As noted previously, these solutions can now be delivered through cloud computing. While initial access may require certain upgrades to existing computer hardware and software, cloud-enabled services largely preclude the need for large, capital-intensive technology investments. Based on private sector projects IBM is currently involved in, an investment in the single-digit millions of US dollars is sufficient to get digital technology projects up and running on a relatively large scale. Viewed against total government spending, this is not a prohibitive cost, even in developing countries. For example, the government of Kenya announced that overall government spending would amount to more than $22 billion in fiscal year 2017/18 (Njini and Changole 2017).
It is also true that countries in developing regions may be at a distinct advantage when it comes to digital technology adoption owing to their relative lack of existing technology infrastructure. They do not have to maintain older “legacy” systems common to much of the developed world. They can choose to build out a modern infrastructure, underpinned by blockchain and cognitive computing, rather than retrofit equipment that may be several decades old.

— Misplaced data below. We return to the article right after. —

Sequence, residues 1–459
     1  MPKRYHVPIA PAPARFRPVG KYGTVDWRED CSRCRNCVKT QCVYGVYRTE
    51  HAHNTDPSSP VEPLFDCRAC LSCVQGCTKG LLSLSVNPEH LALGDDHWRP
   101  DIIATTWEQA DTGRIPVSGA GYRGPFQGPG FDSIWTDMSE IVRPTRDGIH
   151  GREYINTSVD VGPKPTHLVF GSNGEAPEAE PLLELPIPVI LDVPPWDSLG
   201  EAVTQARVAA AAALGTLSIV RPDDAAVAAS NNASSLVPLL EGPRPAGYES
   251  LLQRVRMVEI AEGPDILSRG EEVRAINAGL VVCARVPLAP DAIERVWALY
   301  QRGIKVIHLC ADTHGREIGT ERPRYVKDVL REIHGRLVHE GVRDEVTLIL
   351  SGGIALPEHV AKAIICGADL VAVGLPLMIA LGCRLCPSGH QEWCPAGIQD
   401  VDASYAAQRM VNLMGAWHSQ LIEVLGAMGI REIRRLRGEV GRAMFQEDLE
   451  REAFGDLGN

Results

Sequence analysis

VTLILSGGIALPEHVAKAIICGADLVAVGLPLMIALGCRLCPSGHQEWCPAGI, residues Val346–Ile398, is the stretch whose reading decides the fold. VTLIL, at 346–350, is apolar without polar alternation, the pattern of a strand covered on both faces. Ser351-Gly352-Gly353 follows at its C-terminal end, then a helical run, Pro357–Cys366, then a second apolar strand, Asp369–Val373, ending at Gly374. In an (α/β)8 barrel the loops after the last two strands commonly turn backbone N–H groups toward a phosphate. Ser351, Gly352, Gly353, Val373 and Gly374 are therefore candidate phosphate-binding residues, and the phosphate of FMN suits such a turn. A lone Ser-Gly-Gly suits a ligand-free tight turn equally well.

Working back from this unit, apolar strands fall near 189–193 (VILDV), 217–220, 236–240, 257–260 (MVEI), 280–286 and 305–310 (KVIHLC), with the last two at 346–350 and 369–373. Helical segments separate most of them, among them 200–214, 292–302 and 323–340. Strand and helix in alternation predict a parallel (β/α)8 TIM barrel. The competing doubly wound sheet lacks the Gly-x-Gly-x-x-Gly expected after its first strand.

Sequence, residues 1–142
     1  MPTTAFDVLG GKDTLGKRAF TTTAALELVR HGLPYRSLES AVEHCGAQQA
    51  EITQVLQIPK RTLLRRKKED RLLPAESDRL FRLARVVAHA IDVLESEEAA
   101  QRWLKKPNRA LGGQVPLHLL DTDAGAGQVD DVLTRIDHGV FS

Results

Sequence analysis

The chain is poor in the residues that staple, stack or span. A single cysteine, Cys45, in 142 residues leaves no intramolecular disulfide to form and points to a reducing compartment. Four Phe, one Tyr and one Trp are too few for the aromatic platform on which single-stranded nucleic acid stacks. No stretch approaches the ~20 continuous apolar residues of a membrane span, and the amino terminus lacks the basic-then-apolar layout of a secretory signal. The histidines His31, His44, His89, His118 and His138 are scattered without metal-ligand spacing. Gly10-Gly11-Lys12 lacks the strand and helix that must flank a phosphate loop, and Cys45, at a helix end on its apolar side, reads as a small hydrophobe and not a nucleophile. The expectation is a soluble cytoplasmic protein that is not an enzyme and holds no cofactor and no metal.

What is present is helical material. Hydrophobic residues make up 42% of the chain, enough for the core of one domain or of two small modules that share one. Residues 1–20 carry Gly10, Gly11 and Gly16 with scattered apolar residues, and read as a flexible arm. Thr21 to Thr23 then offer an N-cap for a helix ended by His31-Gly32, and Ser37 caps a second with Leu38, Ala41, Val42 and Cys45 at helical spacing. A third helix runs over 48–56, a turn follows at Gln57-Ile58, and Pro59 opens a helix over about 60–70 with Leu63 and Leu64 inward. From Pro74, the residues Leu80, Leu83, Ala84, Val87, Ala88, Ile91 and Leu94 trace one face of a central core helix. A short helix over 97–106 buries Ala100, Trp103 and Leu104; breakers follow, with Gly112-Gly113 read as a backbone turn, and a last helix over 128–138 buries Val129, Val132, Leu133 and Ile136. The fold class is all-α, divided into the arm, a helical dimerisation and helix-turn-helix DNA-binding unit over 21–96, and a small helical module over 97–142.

A more urgent challenge, and one that government is uniquely positioned to address, lies in the process changes that are required for digital adoption. Taking the example of blockchain, the technology is expressly designed to facilitate multi-party business interactions. Its adoption requires cooperation and participation from private sector entities, which must agree to a new set of policies on transactions and data sharing built around blockchain. This necessitates changes in policies, which government can facilitate, as opposed to a technical solution, which it cannot.
While the combination of cognitive systems and blockchain is inherently secure, security and technical challenges will likely develop. Drawn by the increasing numbers of users of these new technologies, computer hackers and cyber-criminals will attempt to find and exploit new vulnerabilities. The large volume of trusted information that can be shared on a blockchain could also increase the risk of participants compromising some part of the system.
But the primary challenge to security will remain people that are part of the system, as opposed to the technologies themselves: blockchain cannot prevent data from being corrupted at the source by a human, such as if an official were bribed to submit a phony transaction. Various security innovations are now taking place at the “edge” of the network, near the source of the data, to complement blockchain technology and address this challenge. These include promising work on cryptographic, tamper-proof anchors and tiny computers that can securely link a physical product with its digital representation in a blockchain system and help eliminate fraud in complex, global supply chains.